Lack of flexibility: Inflexible by nature, MAC lacks the user-friendliness of other access control models. Users must formally submit requests to unlock new levels of access, which can be rather tedious and potentially hinder productivity depending on how the organization structures the approval process.
Complex management: The stringent approach mandatory access control takes to IT security makes simply sharing information difficult. In theory, a system administrator has to perform manual updates each time a user needs to access information outside of their defined clearance level.
Limited use cases: As you can see from the above disadvantages, tightest security isn't necessarily the most practical security. In fact, the MAC model could prove more cumbersome than useful when it comes to accommodating levels of access as business needs advance.
Who Needs MAC Security?
Generally speaking, mandatory access control is best suited for organizations that not only require the utmost security but can afford to sacrifice simplicity and flexibility at the management and user levels respectively.
This sort of compromise makes sense in instances such as top-secret national security and military intelligence applications as well as computer security. For instance, modern versions of the Unix variant FreeBSD use the framework to enforce rule-based firewall support, port access control, and multi-level security (MLS), the latter of which is a core principle of mandatory access control.
When coupled with the flexibility challenges, the system is so complex that MAC can be intimidating. However, we’re here to help. We’ve outlined a series of best practices to consider as you implement mandatory access control.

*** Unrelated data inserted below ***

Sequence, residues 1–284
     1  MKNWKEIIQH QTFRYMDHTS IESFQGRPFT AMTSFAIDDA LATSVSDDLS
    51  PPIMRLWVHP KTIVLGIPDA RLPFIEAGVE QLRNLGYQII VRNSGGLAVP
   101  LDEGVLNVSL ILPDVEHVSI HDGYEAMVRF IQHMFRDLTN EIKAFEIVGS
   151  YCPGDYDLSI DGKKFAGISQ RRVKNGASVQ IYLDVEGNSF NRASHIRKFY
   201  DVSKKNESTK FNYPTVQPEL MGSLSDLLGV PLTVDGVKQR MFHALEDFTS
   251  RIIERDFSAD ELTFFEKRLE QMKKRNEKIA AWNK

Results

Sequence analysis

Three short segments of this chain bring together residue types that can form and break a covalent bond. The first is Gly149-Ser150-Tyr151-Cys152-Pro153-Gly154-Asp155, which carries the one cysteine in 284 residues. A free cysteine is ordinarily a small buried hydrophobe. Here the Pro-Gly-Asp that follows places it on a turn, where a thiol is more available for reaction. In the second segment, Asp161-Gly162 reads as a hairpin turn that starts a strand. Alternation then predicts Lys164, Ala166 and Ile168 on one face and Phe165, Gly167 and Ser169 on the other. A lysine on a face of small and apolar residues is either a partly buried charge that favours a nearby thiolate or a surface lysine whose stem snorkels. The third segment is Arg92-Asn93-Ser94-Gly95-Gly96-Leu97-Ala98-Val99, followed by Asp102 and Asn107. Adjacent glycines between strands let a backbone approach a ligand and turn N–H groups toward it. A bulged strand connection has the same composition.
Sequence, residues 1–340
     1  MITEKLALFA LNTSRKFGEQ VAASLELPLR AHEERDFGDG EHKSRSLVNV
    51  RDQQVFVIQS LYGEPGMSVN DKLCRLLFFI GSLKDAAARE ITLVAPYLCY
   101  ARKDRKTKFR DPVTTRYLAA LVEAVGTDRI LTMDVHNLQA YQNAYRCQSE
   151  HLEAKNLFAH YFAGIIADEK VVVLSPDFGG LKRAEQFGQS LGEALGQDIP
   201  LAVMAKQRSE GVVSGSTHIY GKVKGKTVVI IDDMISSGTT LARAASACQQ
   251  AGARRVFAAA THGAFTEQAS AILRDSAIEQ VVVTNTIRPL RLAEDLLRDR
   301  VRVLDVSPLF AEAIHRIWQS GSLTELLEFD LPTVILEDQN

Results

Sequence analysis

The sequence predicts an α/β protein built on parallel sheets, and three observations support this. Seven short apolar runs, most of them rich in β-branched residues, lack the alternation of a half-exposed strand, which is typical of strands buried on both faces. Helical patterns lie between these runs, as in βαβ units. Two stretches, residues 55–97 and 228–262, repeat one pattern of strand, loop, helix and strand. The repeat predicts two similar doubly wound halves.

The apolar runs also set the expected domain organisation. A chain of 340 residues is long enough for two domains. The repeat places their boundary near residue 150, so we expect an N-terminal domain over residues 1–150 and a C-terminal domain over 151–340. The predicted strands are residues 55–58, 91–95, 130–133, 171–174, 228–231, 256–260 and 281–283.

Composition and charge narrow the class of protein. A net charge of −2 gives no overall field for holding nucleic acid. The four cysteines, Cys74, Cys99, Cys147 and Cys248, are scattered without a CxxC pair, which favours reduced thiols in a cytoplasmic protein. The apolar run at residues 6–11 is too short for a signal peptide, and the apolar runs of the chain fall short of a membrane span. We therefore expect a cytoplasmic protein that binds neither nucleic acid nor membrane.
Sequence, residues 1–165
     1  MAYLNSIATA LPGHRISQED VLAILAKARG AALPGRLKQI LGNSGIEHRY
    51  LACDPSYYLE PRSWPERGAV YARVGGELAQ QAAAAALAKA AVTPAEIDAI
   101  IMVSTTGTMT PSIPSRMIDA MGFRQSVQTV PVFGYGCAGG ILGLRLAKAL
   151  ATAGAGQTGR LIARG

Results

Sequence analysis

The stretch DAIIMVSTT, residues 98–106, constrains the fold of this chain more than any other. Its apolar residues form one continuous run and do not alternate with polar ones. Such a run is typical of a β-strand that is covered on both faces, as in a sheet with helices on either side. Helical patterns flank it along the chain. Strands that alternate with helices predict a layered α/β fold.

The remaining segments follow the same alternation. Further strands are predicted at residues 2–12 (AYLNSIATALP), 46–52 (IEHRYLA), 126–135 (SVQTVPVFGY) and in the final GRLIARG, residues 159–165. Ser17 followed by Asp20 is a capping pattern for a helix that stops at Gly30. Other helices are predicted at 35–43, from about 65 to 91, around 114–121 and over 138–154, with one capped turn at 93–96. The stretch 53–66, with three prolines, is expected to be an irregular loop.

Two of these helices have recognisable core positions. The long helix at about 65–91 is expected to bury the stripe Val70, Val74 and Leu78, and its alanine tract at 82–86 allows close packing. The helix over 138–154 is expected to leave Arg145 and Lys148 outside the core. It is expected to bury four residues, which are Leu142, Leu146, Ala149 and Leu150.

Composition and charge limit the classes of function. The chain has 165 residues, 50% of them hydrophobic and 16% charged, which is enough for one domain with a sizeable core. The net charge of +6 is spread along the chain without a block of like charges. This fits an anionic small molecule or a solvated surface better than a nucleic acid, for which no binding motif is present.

1. Enforce Access Control Policies and Procedures
Your organizational risks increase with each instance of access — users, systems, and devices included. For this reason, access rights should only be granted on a need-to-know basis. The severity of those risks will vary depending on individual levels of access, so access control policies and procedures should be designed accordingly.
Policy enforcement is generally a straightforward process designed to grant access based on a defined set of organizational standards. Depending on your organization, the accompanying procedures could be tailored around rules assigned to specific user roles, departments, or applications. An example would be configuring your MAC system to only allow employees in human resources to access cloud apps from company-approved devices.
2. Segment System Access
When it comes to access control, it's critical to understand that not all users are created equal. Streamline your MAC system by leveraging the tried and proven privilege concept to create individual access control lists.
For example, system administrators, IT security personnel, and employees can all be placed in groups with their own specific access permissions. Each group represents an individual role in the MAC system, with its privileges restricted to the security clearance rules provisioned in our second step.